These are the remainder of my August review books! And I’ll say this about each of them: They were all incredibly unique!
When an Earth-like planet is discovered, a team of six teens, along with three veteran astronauts, embark on a twenty-year trip to set up a planet for human colonization—but find that space is more deadly than they ever could have imagined.
Have you ever hoped you could leave everything behind? Have you ever dreamt of a better world? Can a dream sustain a lifetime?
A century ago, an astronomer discovered an Earth-like planet orbiting a nearby star. She predicted that one day humans would travel there to build a utopia. Today, ten astronauts are leaving everything behind to find it. Four are veterans of the twentieth century’s space-race.
And six are teenagers who’ve trained for this mission most of their lives.
It will take the team twenty-three years to reach Terra-Two. Twenty-three years locked in close quarters. Twenty-three years with no one to rely on but each other. Twenty-three years with no rescue possible, should something go wrong.
And something always goes wrong.
Shoutout to Jeann @ Happy Indulgence for putting this one on my radar! It published in Australia (and UK) first, but I was lucky enough to get to read a review copy here! (Though I won’t lie and pretend I wasn’t deeply tempted to buy it from one of those other countries first hah.) And I will say this: if you are expecting 500 pages of intense action, that isn’t what you’ll find here. It’s very character driven, which is fine by me, but a heads up. That said, there is a lot that happens during the course of the book- I didn’t find it to be only character driven, that is.
I absolutely loved reading each character’s personal journey, what led each of them to pursue this life in space. It did take me a couple chapters to get the hang of who everyone was, but it wasn’t as overwhelming as I’d assumed. Each character was so well developed that it was easy to decipher who was who. And they (as well as their motivations for leaving planet Earth behind) were so different that I found it wildly interesting. Because this book begs the question, would you leave everything behind to become a space pioneer?
I thought that the author did a great job of making daily space life seem really authentic. Because sure, everyone probably dreams of all the exciting parts, like the launch, and finally landing on their new planets and such, but most of it is really mundane. People were homesick, scared, sad, even depressed. And some people became physically ill, just as they would on Earth. It felt very realistic without being boring. And when the time came for action, wow did that deliver!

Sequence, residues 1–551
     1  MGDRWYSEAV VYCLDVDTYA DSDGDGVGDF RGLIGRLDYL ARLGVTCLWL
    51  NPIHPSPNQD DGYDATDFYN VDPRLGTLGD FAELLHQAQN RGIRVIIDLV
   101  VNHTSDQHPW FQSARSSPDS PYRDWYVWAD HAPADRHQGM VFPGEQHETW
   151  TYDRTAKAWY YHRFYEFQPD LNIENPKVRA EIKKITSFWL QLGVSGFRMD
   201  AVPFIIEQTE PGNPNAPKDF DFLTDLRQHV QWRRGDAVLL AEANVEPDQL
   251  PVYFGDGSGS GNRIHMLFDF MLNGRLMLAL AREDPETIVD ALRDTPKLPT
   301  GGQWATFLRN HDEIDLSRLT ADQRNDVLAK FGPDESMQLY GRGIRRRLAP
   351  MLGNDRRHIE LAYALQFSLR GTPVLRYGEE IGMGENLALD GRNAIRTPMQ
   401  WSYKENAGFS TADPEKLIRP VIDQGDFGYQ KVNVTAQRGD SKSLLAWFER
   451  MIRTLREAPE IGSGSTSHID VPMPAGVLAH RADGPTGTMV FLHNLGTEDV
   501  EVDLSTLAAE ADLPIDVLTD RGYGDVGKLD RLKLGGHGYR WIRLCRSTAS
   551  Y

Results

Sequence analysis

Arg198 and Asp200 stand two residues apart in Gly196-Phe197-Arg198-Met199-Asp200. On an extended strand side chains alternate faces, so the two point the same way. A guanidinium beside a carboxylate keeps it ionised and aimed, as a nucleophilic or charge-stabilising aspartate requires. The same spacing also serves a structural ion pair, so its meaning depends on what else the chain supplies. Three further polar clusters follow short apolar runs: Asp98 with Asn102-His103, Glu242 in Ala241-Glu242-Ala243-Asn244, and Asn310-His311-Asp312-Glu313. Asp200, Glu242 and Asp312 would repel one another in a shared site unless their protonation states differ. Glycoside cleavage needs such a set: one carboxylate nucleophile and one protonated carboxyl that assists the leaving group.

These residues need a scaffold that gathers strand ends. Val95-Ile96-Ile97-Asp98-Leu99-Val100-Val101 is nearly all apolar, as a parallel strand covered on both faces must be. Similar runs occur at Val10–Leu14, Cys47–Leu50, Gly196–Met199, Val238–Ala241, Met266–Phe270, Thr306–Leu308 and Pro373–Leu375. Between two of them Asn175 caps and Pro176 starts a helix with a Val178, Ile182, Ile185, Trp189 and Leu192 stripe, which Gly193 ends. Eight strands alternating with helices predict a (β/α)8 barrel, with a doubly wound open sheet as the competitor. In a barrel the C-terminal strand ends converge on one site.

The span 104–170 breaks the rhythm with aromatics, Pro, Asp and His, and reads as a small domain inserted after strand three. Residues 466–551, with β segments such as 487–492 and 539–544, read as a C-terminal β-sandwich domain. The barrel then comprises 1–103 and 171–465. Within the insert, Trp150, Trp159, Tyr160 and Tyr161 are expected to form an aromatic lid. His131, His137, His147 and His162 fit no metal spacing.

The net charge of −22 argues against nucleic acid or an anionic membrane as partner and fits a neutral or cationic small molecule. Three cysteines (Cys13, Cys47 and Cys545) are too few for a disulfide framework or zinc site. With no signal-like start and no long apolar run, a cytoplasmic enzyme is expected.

My only minor complaint is that I do wish we knew a bit more about what happened next. There is certainly room for a sequel (or seven) but I also found it sort of fitting, since this was truly a book about life in space rather than a space adventure itself. But please do note that I am here for literally any further slice of these characters’ lives that Temi Oh would like to bestow upon us.
Bottom Line: A very character driven space exploration novel that made me feel all the things for all the characters. And also if I too could ever be a space cowboy.
Based on the shocking Beslan school siege in 2004, this is a brave and necessary story about grief, resilience, and finding your voice in the aftermath of tragedy.
On the day she brings her sweet little sister, Nika, to school for the first time, eighteen-year-old Darya has already been taking care of her family for years. But a joyous September morning shifts in an instant when Darya's rural Russian town is attacked by terrorists. While Darya manages to escape, Nika is one of hundreds of children taken hostage in the school in what stretches to a three-day siege and ends in violence. In the confusion and horror that follow, Darya and her family frantically scour hospitals and survivor lists in hopes that Nika has somehow survived. And as journalists and foreign aid workers descend on her small town, Darya is caught in the grip of grief and trauma, trying to recover her life and wondering if there is any hope for her future. From acclaimed author Julie Mayhew comes a difficult but powerful narrative about pain, purpose, and healing in the wake of senseless terror.